but that’s the very reason we will have adventures we’ve never had
before.”

Bethia smiled at him, as if his words immediately soothed her. The
other women just continued staring out the windows, having nothing
to say.

The first order of business was to find rooms at a decent hotel
so the women could rest and be comfortable, especially given the
fact that Wren and Bethia were both pregnant. Ian wanted to make
certain through every step of the journey that their needs were met
first and foremost. Now that he’d actually gotten past the painful
severing of himself from Brierley, he was prepared to take as much
time as necessary to achieve their destination. The health and safety
of those in his care were far more important than his keen desire to
get to America and to find people who shared his beliefs—people
like the two missionaries he’d encountered in London not yet a year
and a half ago. The things he’d heard them preaching, and the book
they had put into his hands, had changed his life irrevocably. Wren
too had read the book and knew of its truth, and God had made it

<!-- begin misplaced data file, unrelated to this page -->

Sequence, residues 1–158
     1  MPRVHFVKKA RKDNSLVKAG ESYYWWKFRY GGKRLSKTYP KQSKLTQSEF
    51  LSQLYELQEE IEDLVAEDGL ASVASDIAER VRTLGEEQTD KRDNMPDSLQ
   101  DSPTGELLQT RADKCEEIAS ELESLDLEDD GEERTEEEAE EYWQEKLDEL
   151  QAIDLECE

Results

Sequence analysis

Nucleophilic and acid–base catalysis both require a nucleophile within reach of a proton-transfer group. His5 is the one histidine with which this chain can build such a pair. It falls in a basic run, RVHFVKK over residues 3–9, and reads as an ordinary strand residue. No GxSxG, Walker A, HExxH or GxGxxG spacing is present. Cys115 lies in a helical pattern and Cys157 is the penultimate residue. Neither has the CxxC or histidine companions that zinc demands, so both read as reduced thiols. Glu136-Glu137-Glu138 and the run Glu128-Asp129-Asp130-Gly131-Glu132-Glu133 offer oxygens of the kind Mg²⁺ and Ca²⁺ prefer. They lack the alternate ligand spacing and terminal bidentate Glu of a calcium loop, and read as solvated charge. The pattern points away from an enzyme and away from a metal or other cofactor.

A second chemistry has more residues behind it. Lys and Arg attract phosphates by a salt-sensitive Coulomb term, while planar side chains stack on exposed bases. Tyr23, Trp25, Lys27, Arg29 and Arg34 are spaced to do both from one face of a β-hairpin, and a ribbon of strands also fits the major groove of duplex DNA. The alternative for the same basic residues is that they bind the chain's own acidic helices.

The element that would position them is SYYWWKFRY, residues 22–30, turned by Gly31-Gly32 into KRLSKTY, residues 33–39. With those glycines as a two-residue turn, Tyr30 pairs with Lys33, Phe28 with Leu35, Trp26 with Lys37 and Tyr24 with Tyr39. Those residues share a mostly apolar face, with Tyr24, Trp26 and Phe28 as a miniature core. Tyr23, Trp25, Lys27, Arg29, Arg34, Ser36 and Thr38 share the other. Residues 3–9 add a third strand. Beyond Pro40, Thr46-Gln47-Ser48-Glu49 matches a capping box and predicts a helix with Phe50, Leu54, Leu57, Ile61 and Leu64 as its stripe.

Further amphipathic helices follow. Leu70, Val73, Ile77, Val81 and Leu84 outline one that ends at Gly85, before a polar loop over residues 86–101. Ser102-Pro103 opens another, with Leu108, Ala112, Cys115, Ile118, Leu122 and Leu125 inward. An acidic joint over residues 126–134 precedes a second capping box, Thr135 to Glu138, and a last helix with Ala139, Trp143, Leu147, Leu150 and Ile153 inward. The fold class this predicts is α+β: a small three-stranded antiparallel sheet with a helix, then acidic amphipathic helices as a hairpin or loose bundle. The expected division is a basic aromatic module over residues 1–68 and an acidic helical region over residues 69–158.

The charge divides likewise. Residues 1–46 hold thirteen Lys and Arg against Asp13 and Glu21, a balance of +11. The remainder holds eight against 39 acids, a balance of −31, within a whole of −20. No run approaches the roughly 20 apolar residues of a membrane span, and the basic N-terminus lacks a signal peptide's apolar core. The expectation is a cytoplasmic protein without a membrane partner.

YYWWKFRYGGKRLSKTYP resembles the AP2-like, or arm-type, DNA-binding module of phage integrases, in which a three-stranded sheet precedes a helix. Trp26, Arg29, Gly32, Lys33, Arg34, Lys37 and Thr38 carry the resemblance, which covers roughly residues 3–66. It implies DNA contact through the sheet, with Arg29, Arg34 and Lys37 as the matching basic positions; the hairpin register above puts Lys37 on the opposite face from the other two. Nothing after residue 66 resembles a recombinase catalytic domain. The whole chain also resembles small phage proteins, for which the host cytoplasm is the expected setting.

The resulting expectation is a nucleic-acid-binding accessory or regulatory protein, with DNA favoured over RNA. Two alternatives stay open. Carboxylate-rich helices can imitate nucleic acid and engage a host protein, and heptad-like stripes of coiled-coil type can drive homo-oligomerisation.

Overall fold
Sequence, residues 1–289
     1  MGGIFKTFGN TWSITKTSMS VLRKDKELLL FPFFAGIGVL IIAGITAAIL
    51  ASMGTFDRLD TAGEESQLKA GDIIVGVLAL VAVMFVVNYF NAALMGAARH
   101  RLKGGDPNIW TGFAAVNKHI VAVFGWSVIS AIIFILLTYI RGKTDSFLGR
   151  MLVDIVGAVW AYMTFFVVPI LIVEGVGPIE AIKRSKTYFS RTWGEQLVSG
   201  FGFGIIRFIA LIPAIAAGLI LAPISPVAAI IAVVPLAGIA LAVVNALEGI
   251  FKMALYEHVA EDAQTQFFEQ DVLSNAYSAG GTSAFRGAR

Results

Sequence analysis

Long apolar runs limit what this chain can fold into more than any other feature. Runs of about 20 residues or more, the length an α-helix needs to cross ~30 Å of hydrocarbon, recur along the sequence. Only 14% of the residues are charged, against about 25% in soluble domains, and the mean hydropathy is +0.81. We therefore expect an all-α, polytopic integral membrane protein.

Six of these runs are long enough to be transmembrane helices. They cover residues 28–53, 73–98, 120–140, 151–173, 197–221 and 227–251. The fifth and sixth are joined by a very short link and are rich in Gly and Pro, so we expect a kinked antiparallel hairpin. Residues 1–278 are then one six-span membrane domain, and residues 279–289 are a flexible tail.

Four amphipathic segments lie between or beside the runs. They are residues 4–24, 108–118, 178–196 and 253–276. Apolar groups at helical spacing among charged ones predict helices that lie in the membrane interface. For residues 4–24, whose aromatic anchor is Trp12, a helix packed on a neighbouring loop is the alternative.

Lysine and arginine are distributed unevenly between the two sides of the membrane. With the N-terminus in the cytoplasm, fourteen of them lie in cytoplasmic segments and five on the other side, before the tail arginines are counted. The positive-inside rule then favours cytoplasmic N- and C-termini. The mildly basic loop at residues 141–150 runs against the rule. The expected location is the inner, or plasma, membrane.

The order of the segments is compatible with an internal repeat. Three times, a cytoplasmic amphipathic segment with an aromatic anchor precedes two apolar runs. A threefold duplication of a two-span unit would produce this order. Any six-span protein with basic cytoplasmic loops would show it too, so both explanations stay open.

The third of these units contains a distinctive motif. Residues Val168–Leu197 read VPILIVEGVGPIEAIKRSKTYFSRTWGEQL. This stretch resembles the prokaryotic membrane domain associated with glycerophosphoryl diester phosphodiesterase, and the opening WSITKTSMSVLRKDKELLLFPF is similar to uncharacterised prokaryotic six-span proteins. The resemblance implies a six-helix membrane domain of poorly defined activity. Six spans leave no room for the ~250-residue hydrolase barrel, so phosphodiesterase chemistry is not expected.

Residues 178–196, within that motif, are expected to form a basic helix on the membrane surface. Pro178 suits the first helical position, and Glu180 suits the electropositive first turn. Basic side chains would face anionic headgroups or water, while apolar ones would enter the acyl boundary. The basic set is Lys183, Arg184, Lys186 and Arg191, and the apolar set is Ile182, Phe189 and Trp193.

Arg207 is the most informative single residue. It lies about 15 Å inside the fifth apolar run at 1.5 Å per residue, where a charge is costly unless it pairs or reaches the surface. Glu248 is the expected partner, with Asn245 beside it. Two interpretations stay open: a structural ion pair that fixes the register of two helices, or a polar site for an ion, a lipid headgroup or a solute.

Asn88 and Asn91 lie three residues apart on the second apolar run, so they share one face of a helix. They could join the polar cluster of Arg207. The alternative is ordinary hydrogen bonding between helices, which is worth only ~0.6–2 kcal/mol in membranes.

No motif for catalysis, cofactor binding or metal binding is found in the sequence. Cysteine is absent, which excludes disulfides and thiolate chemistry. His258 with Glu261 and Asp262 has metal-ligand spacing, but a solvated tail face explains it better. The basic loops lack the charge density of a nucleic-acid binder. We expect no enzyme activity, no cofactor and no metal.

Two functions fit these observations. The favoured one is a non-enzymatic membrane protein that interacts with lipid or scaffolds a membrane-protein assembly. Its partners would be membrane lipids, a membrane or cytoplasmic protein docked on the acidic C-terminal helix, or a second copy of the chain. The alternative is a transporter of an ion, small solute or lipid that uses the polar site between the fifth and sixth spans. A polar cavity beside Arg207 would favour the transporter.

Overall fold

clear to both of them that their destiny was to find these people and
become a part of the religion they lived.

Ian often wondered how it would be when they did find them.
He imagined a golden city, full of peace and light radiating from the
goodness of the people gathered there together. But he knew that he had a tendency toward a vivid imagination, and the imaginings
of his youth in believing that a better world existed away from his
own home had left him sorely disappointed. This was different,
however. Still, he had no idea what to expect and very little to go on
in knowing where and how to find these people. The book had been
printed in New York, and that’s where they would begin. But they
had a long journey to simply get there, and they needed to take it
slowly.

With the kind help of the coach driver who was very familiar
with Liverpool, Ian was able to efficiently find adequate rooms for
his family at a moderately priced hotel with enough amenities for
comfort without being too lavish. While the inheritance he’d brought
with him was more than adequate to meet their needs for many years